HELP Please with Dual Scanner Set Up in Vehicle

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austexdude469

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Hello :)

I have a BCT15X and plan on buying a BCD996XT. I want to mount them both in my vehicle.

Here is my issue... I have a classic conversion van with fiberglass extended roof so I cant mount magnetic antennas there. It's amazing that it's such a huge vehicle and not an inch of space to mount a magnetic antenna properly unless I want it sticking sideways horizontal looking like some kind of goofball.

A. Do they make a dual antenna bracket to hold 2 antennas that can be connected to a ground plane?

B. Do they make some sort of splitter so I can use one antenna for both a conventional and digital scanner? If so do they work well or just so so?

C. Any other options I did not think of?
 

DJ11DLN

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Hello :)

I have a BCT15X and plan on buying a BCD996XT. I want to mount them both in my vehicle.

Here is my issue... I have a classic conversion van with fiberglass extended roof so I cant mount magnetic antennas there. It's amazing that it's such a huge vehicle and not an inch of space to mount a magnetic antenna properly unless I want it sticking sideways horizontal looking like some kind of goofball.

A. Do they make a dual antenna bracket to hold 2 antennas that can be connected to a ground plane?

B. Do they make some sort of splitter so I can use one antenna for both a conventional and digital scanner? If so do they work well or just so so?

C. Any other options I did not think of?
A. Not that I ever heard of but it might exist.
B. Yes, it's called a multicoupler and they work very well though good ones are a tad pricey.
C. You can create a ground plane beneath the fiberglass by using a sheet of thin metal. It needs to have a radius from the mount of at least 1/4 wavelength from the mount and should be electrically grounded to the chassis. This can even be done with foil and adhesive...I've done some tractor and combine cab mounts that way and they worked just fine.

More info -- i.e. the frequencies you are interested in and how much distance you expect -- would be helpful.
 

jonwienke

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Your best bet is to have a single antenna, and use a splitter or T connector to feed the signal to both scanners. Dual antennas will interfere with each other unless they are separated--not something you can do with a single bracket.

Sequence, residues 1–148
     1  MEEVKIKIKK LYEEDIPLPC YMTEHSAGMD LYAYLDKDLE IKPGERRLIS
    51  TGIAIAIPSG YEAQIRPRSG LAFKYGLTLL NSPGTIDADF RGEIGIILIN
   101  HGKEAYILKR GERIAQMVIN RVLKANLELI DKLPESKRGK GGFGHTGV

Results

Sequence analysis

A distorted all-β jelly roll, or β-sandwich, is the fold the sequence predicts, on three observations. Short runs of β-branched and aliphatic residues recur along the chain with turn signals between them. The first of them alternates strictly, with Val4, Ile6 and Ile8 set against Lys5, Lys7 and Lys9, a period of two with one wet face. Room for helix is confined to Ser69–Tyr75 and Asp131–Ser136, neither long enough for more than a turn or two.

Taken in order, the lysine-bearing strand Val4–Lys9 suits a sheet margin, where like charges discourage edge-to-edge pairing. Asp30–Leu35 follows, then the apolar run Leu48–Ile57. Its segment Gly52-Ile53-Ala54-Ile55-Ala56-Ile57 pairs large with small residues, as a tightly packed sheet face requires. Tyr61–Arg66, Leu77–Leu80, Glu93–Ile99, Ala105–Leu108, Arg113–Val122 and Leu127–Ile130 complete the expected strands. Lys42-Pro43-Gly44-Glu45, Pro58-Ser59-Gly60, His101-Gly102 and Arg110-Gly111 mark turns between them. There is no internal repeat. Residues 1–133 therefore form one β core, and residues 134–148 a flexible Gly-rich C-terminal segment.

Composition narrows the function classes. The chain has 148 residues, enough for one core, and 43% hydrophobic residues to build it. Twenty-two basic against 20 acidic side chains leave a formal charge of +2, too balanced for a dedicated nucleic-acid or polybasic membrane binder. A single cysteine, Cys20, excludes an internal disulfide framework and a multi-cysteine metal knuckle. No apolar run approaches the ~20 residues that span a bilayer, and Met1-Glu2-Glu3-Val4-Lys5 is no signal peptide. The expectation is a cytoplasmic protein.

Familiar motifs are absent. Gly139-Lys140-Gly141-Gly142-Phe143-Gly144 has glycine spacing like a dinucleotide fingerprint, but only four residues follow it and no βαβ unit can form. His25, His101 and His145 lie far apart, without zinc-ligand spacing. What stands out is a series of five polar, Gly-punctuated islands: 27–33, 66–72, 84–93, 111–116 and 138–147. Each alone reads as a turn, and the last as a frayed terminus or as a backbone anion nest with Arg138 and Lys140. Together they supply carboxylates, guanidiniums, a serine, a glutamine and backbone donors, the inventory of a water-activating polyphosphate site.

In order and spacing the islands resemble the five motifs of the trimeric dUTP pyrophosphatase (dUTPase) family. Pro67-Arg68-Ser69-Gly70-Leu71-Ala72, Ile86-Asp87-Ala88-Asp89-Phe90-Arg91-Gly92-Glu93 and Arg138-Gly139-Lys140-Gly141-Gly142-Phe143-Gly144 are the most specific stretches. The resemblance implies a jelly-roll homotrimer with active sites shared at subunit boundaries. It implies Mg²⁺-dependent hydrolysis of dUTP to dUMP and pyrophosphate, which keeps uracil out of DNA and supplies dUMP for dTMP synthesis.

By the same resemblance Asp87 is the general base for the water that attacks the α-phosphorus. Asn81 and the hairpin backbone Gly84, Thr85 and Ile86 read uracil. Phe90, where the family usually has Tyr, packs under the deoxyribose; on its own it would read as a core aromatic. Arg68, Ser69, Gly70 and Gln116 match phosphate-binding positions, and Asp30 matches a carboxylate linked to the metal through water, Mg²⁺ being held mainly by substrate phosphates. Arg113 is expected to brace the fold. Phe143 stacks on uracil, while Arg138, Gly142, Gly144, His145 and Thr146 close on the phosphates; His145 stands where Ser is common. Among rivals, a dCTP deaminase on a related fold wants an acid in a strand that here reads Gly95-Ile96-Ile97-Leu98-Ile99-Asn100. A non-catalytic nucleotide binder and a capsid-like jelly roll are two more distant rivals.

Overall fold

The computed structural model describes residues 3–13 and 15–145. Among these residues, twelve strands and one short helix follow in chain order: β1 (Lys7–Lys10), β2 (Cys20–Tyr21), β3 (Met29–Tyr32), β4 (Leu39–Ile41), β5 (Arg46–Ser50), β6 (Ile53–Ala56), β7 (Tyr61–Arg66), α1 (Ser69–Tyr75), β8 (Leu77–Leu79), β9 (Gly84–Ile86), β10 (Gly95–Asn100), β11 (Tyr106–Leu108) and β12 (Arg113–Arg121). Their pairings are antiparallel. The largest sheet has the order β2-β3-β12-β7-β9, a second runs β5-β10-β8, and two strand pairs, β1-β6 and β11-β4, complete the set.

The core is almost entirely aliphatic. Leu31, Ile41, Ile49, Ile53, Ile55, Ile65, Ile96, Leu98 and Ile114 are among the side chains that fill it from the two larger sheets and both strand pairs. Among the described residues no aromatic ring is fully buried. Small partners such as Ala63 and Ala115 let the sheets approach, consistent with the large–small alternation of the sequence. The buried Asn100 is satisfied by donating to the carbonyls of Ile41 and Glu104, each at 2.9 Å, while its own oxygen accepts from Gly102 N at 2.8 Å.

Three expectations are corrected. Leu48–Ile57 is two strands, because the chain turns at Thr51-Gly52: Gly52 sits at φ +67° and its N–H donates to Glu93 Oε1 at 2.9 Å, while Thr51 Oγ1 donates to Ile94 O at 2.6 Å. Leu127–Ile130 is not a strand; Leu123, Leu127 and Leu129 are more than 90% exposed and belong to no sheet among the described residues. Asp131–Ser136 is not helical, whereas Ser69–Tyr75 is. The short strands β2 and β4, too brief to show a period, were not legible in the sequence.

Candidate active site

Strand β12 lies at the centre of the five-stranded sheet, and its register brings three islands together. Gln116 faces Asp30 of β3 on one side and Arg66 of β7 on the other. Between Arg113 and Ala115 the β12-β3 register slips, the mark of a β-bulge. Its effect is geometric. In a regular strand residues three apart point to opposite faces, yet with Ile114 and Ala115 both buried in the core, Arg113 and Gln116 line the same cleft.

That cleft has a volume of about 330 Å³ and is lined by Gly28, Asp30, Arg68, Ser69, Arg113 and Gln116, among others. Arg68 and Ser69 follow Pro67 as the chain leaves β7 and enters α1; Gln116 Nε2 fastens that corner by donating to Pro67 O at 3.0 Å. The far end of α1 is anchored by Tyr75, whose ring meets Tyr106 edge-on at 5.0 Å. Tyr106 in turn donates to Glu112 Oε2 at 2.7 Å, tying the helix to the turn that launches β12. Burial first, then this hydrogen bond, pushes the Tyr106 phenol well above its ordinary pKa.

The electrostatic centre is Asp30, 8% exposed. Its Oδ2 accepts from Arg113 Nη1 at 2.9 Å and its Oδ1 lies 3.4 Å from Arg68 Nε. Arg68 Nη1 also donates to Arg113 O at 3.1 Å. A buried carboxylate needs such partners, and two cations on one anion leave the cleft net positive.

Magnetic mounts should not be used as permanent installations. Runnning the coax through a door or window will damage the coax and/or the weatherstripping over time.

Best performance would be a NMO mount antenna and a piece of sheet metal sandwiched in the mount for a ground plane. Drill a 3/4" hole in the middle of the sheet metal, another 3/4" hole in the roof, and run the mount through the hole in the sheet metal and then the hole in the roof and tighten it down so the mount is securing the sheet metal to the underside of the roof. Once you have the mount installed and weather sealed, you can attach a variety of antennas to it.

Another possibility is a window mount antenna. It won't work as well as a NMO, and won't work at all if the window is tinted. But if you have an untinted window along the roofline, it is easy to install--just clean the window and apply the antenna to both sides of the glass like a decal.
 

austexdude469

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A. Not that I ever heard of but it might exist.
B. Yes, it's called a multicoupler and they work very well though good ones are a tad pricey.
C. You can create a ground plane beneath the fiberglass by using a sheet of thin metal. It needs to have a radius from the mount of at least 1/4 wavelength from the mount and should be electrically grounded to the chassis. This can even be done with foil and adhesive...I've done some tractor and combine cab mounts that way and they worked just fine.

More info -- i.e. the frequencies you are interested in and how much distance you expect -- would be helpful.
I think after thinking this out it will require more... A light bar!

OPTION D. If I mount an aluminum LED light bar across the top of the cab that is hard screwed into the rain gutters I can put a scanner antenna at each end of it. It will actually look great and should work well too.
 

madrabbitt

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if its a classic conversion van, you should use old school KC's though.

But yes, that should work.
 

DJ11DLN

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Still won't have much of a ground plane that way but hey, it's your project and you're the only one who has to be happy with it so knock yourself out.:wink:
 

jonwienke

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I agree, not much of a ground plane. A single antenna centered in the middle of the bar would probably work better, even if the signal is split 2 ways. The proposed design also does not address how the coax is to gain entry into the vehicle from the outside.
 

jonwienke

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Which is not specified, either. With the NMO mount, you have a weather-sealed passage for the RF signal.
 
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